While watching “Unbroken,” the World War II survival film directed by star-of-the-moment Angelina Jolie, one question stood out among the rest: How can such an extravagant, provocative personality turn in such a normal, even traditional film? Here is a woman who built her career on shock value. Where are the shocking moments in “Unbroken”?
This isn’t entirely a bad thing, as the classical, stately approach creates a number of moments of a certain emotional heft. In addition, the story is strong enough to direct itself. Taken from a Laura Hillenbrand best-seller, “Unbroken” celebrates Louis Zamperini (Jack O’Connell), a teenage Olympic distance runner from California who gave a promising debut in the 1936 Berlin Olympics. His shot at glory in the 1940 Games was lost in World War II.
Zamperini’s legacy took an unexpected turn after he enlisted as a crew member on an American warplane flying missions in the Pacific. In 1942, the B-29 on which he served crashed into the ocean. He and two other flyers survived. For more than a month, they lived desperately on two yellow life boats floating in the vast water.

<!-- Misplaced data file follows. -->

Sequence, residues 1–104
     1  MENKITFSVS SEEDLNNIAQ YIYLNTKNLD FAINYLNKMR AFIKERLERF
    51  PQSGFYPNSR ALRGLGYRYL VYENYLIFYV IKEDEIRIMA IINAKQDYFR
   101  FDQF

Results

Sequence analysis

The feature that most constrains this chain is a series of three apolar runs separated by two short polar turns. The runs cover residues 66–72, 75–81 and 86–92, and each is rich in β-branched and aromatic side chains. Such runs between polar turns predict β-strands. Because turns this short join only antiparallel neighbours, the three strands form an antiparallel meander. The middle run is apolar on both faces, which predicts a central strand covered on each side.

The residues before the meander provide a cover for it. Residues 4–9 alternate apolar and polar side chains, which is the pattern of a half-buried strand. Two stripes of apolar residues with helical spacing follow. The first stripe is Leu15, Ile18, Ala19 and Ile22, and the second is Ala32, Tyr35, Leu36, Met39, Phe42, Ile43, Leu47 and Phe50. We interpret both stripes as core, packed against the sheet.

After surviving on fish, rain water and hope, the men were somehow located by the Japanese Navy. Zamperini spent the rest of the war in Japanese prison camps under horrific conditions. The camp commander, known as The Bird (Miyavi), became a war criminal for the sufferings inflicted on the men.
There are moments in “Unbroken” that are genuinely moving and harrowing. In particular, Jolie shows a talent for taking time to build drama. Filmed skillfully by Coen brothers cinematographer Roger Deakins, “Unbroken” slowly unwinds like a book. In an era where so much cinema cuts to the chase, the lifeboat sequence stands out for letting the moment breathe, which heightens the feeling of despair.
There is an intensity to the first half of the film that doesn’t survive to the end. Zamperini’s ordeals become less effective with repetition. Then the film sort of stops simply because the war itself stops–the film builds to little more than the obvious. The only punctuation left by this long, unwinding story is the question mark after the word “huh?”
The final product feels like a dozen Hollywood epics from the fifties or early sixties. Part of this, I suspect, is Jolie wanting to do right by the story. There’s also probably a desire to fit in and earn respect. The signature seems self-conscious and impersonal. I’d really like Jolie’s future efforts to be more comfortable and take more chances. Be yourself, Angie. The rest will take care of itself.